FREEDOM OF INFORMATION COMMISSION
OF THE STATE OF CONNECTICUT

In the Matter of a Complaint by FINAL DECISION
John Patton,  
  Complainant  
  against   Docket #FIC 2008-351

Michael Eldredge, First Selectman,

Town of Willington;

Mark Palmer, Selectman,

Town of Willington; and

Board of Selectmen,

Town of Willington,

 
  Respondents May 13, 2009
       

           

The above-captioned matter was heard as a contested case on August 25, 2008, at which time the complainant and the respondents appeared, stipulated to certain facts and presented testimony, exhibits and argument on the complaint. 

 

            After consideration of the entire record, the following facts are found and conclusions of law are reached:

 

1.  The respondents are public agencies within the meaning of 1-200(1), G.S.

 

2.  By letter of complaint filed May 19, 2008, the complainant appealed to the Commission, alleging that the respondents Eldredge and Palmer violated the Freedom of Information (“FOI”) Act by meeting privately on a matter over which the respondent Board had authority.

 

3.  Specifically, the complainant alleged that Eldredge and Palmer must have discussed the recent reorganization of the public works department privately, because they talked at the First Selectman’s office during the day several times a week, and the reorganization had not been discussed publicly.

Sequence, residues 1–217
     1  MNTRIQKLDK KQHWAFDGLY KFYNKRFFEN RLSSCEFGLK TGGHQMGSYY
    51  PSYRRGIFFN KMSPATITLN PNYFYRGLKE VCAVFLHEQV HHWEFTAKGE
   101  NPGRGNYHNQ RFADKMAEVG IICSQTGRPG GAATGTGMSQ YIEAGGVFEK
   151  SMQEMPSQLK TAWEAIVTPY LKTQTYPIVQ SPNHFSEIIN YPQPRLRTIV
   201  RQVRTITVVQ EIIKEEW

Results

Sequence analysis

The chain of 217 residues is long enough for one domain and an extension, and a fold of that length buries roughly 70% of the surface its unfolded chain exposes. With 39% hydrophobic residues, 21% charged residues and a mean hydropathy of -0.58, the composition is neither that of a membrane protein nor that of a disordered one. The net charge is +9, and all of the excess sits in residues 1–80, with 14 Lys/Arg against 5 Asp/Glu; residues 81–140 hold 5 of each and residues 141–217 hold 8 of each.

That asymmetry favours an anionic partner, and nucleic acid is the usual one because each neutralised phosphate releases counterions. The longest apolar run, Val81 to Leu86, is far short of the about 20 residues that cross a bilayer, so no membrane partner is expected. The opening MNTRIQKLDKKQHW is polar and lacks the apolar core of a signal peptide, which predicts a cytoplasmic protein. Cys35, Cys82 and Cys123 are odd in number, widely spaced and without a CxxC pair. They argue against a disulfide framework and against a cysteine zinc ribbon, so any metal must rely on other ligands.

4.  It is found that the respondent Eldredge, as First Selectman of the Town of Willington, has administrative responsibility over the day-to-day activities of the town.  Among other duties, he oversees and coordinates department heads.  Specifically, it is found that the respondent Eldredge, as part of his administrative responsibilities, oversees the director of the town Department of Public Works, pursuant to a vote of the respondent Board.  Further, pursuant to a vote of the Board, the Department of Public Works Transfer Station Operator and Assistant Transfer Station Operator report directly to the First Selectman. 

 

5.  It is found that Selectman Palmer visits the First Selectman at his office several times a week.

 

6.  It is found that the respondent Eldredge, as First Selectman, sometimes asks one of the other Selectmen to investigate a matter for him.

 

7.  It is found that the respondent Eldredge asked the respondent Selectman Palmer to investigate certain matters at the Department of Public Works that Eldredge supervises.  

 

8.  It is found that, after Palmer conducted his investigation, he met briefly with Eldredge and reported his findings that employees felt they were being harassed on the job by the director of Public Works, that the director of Public Works was making unfair or preferential job assignments and unnecessary personal remarks.

 

9.  It is found that Eldredge and Palmer did not discuss how Eldredge would handle the problem.

 

10.  Section 1-225(a), G.S., provides in relevant part: “The meetings of all public agencies, except executive sessions, as defined in subdivision (6) of section 1-200, shall be open to the public.”